The Martin lab has received an award from the Massachusetts Technology Transfer Center Acorn Innovation Fund. This award “is intended to support the demonstration of the viability of a technology developed at Massachusetts research universities.” From RNA vaccines to mRNA therapeutics, RNA is poised to revolutionize the treatment and prevention of a wide variety of disorders and diseases, but deficiencies in its laboratory synthesis are holding back applications. Building on recently published work, the Martin lab is leveraging its extensive experience in fundamental mechanisms in transcription to develop dramatically improved approaches towards the enzymatic synthesis of this key molecule. This Acorn Award is supporting the development of a flow synthesis approach, with the immediate aim of demonstrating a path forward to high quality, high yield RNA. A wide variety of new RNA therapeutics lie on the horizon today. From mRNA-based therapeutics, to RNA-guided technologies such as CRISPR, to RNA “logic gate” smart therapeutics. Enabling research in the Martin lab aims to overcome current limitations in the implementation of these exciting technologies.
Martin Lab Receives Acorn Innovation Fund Award
UMass Amherst Chemistry Remote Instruction
UMass Amherst transitioned to remote-learning instruction using web, video and teleconferencing tools as of Monday, March 23rd, due to the coronavirus.
Course instructors are the primary contact. Students enrolled in chemistry courses, including labs, should closely monitor email, Moodle, and/or other modes of communication from their instructors. Faculty will use various programs and tools to tailor online learning methods to their course material and lab experiments.
Undergraduate Researchers are NOT expected to report to laboratories. This includes students enrolled in practicum, independent study, honors capstone experiences, etc.
Additional campus information can be found at UMass Amherst Response to the Coronavirus (COVID-19).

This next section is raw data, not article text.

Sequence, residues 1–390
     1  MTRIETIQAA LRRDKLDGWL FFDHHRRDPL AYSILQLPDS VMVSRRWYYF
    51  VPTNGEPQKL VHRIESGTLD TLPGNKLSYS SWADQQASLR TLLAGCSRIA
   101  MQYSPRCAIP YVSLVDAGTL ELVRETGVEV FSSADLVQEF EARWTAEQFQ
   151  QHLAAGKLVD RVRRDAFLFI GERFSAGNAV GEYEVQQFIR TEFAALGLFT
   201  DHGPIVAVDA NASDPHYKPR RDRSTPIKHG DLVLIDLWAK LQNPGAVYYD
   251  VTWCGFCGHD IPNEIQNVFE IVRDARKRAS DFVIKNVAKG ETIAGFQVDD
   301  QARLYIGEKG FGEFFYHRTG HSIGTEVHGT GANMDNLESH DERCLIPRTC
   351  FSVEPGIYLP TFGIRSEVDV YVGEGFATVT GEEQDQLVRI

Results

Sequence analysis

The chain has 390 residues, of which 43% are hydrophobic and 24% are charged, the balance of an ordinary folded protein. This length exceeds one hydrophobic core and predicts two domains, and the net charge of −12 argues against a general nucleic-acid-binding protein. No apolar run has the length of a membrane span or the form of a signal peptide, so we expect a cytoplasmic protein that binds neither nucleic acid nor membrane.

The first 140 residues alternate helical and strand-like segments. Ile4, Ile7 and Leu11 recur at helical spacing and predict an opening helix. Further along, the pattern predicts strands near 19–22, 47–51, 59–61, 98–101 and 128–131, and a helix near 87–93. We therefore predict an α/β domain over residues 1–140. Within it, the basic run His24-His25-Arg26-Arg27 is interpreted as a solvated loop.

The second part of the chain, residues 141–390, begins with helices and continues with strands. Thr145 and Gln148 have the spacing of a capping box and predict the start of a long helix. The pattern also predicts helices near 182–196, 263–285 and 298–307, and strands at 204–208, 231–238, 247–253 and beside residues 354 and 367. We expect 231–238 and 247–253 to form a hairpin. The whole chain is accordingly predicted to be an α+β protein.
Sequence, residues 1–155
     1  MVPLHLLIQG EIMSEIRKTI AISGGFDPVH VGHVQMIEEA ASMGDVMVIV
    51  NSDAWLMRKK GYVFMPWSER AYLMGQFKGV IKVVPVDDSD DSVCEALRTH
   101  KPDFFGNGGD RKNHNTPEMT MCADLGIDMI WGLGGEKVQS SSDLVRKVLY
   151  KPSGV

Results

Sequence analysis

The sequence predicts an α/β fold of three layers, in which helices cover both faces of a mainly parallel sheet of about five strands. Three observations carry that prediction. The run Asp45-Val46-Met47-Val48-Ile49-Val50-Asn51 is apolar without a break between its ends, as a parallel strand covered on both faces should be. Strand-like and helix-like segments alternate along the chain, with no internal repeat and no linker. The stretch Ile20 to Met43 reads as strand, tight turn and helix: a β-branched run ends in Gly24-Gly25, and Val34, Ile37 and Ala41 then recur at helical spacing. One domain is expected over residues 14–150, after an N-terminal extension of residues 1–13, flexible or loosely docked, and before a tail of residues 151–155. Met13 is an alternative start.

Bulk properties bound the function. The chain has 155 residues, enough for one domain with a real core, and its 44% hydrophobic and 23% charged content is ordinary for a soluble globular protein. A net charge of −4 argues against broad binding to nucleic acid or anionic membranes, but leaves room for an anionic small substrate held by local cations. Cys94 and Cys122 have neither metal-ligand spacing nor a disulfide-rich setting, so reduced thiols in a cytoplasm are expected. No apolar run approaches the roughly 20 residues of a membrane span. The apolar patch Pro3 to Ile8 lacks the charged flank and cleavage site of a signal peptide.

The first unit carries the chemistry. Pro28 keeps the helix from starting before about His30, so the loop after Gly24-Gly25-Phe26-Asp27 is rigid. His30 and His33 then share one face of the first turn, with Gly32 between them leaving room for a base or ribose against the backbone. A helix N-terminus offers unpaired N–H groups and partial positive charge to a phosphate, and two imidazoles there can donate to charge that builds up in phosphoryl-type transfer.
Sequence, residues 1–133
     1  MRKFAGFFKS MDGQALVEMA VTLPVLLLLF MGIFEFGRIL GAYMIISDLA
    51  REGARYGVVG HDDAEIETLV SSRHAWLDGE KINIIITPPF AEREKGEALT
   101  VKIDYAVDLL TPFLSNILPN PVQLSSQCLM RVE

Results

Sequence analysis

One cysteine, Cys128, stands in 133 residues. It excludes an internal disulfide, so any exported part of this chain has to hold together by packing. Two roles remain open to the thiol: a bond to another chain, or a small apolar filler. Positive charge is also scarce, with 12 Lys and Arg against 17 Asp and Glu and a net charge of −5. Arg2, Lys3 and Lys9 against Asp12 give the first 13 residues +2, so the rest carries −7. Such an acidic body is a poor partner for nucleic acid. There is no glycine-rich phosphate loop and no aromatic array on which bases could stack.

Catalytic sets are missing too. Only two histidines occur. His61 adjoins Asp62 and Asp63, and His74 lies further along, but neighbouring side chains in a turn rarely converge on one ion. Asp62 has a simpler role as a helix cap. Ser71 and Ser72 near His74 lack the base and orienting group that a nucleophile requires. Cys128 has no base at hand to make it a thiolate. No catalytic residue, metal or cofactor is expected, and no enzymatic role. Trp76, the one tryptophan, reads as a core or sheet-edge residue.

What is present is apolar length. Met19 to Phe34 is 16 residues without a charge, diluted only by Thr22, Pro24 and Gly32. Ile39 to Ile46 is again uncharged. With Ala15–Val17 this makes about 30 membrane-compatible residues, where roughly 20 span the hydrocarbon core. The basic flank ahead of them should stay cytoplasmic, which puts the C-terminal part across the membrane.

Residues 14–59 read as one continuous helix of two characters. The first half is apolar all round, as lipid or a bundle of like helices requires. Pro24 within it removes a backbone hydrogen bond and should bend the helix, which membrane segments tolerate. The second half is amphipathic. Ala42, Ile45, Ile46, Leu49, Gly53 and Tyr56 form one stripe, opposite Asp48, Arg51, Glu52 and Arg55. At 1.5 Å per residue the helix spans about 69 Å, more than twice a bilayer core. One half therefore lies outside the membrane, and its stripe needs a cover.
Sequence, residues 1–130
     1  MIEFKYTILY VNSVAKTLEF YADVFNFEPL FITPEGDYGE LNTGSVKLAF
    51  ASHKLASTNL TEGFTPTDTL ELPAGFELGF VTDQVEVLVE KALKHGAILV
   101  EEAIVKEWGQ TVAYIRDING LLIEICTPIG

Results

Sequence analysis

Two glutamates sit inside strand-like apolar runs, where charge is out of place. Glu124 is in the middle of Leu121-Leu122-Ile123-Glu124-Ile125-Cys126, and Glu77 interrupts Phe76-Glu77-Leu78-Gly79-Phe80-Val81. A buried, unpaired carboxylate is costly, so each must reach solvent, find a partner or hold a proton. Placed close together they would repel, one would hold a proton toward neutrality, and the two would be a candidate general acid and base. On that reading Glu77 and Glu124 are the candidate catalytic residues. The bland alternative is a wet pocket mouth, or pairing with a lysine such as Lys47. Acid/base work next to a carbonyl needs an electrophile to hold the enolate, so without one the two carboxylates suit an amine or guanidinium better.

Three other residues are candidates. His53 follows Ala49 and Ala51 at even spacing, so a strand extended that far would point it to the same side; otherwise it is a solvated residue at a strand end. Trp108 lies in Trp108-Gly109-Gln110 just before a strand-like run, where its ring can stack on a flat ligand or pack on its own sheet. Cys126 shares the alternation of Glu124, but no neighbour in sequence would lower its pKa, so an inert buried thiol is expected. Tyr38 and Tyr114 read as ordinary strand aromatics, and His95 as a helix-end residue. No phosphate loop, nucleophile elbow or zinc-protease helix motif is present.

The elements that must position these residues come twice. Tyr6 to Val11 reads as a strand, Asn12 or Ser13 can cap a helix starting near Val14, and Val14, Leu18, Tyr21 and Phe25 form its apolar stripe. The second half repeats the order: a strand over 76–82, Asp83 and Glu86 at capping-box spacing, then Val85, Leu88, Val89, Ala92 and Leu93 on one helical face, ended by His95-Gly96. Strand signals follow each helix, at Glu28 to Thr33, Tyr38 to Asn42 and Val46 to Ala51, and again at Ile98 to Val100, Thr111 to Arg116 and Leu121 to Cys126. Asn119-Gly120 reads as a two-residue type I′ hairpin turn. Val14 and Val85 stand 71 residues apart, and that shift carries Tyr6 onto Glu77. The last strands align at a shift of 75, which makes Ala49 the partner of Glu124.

Community Conversations workshops are open to all members of the campus community, and will focus on skill building around respective dialogue to allow us to better engage with one another. Attendees will learn about the LARA (Listen, Affirm, Respond, Add) method of communication, designed to help us engage in discussion empathetically in a way that invites diverse perspectives in an effort to create shared meaning.
We come from diverse backgrounds and experiences that lead to varying levels of comfort and ability to interact thoughtfully across difference. Poor interactions can be very harmful, and worries about being misinterpreted can make interactions stressful. These concerns can keep individuals from engaging with others who don’t share their background or lead to miscommunication when they do.
Two Community Conversation workshops will be offered in the coming weeks.
Wednesday, February 26, 11:15am-1:15pm
Campus Center, Amherst Room
Thursday, March 5, 4:00pm-6:00pm
Campus Center, Amherst Room
Lunch or dinner will be served at each session, and staff supervisors are asked to provide release time for participants and ambassadors. Register here.
Congratulations on 70 years at UMass!
In February 1950, Prof. Richard (Dick) Stein joined the UMass Chemistry faculty as an Associate Professor. He carried out pioneering studies developing and using rheo-optical techniques to study orientation and phase transitions in amorphous, crystalline and liquid crystalline polymers. He also developed the university’s first advanced physical chemistry courses in quantum mechanics, statistical mechanics and polymer science.
Dick became Commonwealth Professor, and in 1961 he founded both the Polymer Research Institute and the Research Computing Center. In 1980, the chemistry department awarded him the Charles A. Goessmann Chair in Chemistry (he’s currently the Emeritus Goessmann Professor in Chemistry). Later in the 1980’s he was involved in establishing and obtaining funding for the Silvio O. Conte Center for Polymer Research. Among his many honors, Dick is a member of the National Academy of Sciences, the National Academy of Engineering, and the American Academy of Arts and Sciences.
Photo credit: University Archives
"Break-it-to-Make-it Strategies for Complex Molecule Synthesis"
"Mechanisms of Proton-Coupled Dynamics: From Kinases to Membrane Transporters”
"PROTAC-mediated Protein Degradation: A New Therapeutic Modality"